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Montana"s pheasant hunters will have more days to hunt this fall. This year the season will open Oct. 9 and close Jan. 1, 2005, rather than on Dec. 15, offering hunters an additional two weeks of hunting.

The longer season was adopted by the FWP Commission to provide additional pheasant hunting opportunities, especially for hunters returning home to Montana for the holidays.

Hunters will find hunting conditions to be similar to last year in most areas, but can expect tough hunting in some portions of northeastern Montana where a severe winter took a toll on pheasants.

“We estimate that spring pheasant numbers from Malta north and east to Plentywood may be down by as much as 25 percent from spring of 2003,” said Rick Northrup, FWP bird coordinator. “These areas experienced severe winter weather, resulting in losses of adult pheasants.”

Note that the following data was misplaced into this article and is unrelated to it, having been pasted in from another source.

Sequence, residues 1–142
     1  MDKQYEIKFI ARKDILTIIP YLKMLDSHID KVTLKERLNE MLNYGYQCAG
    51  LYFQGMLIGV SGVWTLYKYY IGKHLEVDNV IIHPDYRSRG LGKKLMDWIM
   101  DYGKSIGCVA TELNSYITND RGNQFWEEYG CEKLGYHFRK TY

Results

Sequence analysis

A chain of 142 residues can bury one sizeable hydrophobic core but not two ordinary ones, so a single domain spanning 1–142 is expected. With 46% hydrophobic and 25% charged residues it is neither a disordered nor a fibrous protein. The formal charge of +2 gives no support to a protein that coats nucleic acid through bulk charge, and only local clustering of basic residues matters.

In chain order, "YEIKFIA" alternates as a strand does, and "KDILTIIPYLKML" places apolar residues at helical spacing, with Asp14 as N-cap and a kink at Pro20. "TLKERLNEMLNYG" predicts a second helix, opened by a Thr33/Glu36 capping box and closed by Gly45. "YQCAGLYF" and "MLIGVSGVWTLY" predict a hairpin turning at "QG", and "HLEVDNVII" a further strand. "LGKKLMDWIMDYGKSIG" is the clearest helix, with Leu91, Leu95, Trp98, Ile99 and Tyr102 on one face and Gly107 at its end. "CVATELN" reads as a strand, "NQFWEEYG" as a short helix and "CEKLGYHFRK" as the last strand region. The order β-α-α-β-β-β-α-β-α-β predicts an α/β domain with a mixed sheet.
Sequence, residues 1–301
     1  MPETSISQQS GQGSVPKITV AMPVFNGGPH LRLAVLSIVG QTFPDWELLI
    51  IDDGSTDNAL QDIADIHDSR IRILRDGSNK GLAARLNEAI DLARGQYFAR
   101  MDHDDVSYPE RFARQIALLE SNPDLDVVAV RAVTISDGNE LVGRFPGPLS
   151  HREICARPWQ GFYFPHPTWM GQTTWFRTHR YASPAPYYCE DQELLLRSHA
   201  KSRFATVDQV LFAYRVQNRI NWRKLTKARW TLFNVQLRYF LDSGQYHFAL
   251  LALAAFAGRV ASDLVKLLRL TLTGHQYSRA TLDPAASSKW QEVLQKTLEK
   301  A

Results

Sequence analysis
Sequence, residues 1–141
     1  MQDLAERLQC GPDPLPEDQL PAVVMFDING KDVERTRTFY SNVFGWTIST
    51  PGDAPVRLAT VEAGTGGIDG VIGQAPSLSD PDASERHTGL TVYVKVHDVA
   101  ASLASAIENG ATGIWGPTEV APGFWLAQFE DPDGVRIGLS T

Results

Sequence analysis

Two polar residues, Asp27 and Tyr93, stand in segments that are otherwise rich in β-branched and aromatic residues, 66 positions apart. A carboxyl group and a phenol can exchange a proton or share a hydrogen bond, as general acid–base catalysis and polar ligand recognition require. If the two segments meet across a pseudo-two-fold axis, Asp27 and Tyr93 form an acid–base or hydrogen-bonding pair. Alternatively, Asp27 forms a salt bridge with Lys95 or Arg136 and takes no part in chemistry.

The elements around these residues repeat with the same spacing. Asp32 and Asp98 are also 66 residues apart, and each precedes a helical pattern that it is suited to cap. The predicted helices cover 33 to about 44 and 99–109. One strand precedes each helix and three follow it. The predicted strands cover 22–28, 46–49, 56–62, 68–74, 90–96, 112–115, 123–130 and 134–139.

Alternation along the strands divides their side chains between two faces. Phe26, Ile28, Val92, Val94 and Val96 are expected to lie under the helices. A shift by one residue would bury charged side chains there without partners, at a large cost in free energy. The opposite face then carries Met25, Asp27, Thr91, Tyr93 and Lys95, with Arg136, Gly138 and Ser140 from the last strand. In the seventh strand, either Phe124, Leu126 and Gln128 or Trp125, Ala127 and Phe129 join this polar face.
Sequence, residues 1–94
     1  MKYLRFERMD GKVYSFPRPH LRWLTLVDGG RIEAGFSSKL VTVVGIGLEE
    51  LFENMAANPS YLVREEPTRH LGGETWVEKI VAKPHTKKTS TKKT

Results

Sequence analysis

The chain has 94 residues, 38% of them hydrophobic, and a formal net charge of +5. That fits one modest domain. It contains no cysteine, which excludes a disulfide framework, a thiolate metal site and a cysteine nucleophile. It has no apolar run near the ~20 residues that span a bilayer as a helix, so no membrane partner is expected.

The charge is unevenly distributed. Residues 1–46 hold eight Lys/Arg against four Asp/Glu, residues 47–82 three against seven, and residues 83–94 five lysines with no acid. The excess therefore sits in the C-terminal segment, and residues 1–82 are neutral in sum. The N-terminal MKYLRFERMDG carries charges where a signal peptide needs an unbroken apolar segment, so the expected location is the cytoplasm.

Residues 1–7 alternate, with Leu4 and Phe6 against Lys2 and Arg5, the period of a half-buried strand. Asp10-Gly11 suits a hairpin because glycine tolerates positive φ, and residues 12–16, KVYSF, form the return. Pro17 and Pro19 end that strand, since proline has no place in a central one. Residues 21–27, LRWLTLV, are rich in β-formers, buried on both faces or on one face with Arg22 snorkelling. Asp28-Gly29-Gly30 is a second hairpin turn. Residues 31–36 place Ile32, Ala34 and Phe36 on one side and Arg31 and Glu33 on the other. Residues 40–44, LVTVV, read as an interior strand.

On the other hand, spring pheasant crowing counts were above average further west along the Milk River toward Havre.

In the rest of the state, pheasant hunting will be average to good, with a few areas of excellent hunting, local biologists say. Hunters who arrange in advance for hunting access to private lands and who bring along a well-trained dog will be likely to have a good pheasant hunting experience.

Northrup also reminds hunters to be aware of uncolored rooster pheasants. Because of the cool, wet spring across northeastern Montana, both farming operations and pheasant production have been later than normal. Many rooster pheasants from late hatches may lack the gaudy red and greens that distinguish the male birds, which are legal to harvest, from the drab-colored hens, which are illegal to shoot. Pheasant hunters should not shoot unless you can positively identify both the species and the sex of the bird. Upland bird hunters must also take greater care this fall that they don’t mistake a hen pheasant for a sharp-tailed grouse.

The late growing season also means many producers are racing to harvest wheat. The late season may mean that hunters will encounter more unharvested grain fields than usual. Hunters should avoid hunting in unharvested fields.

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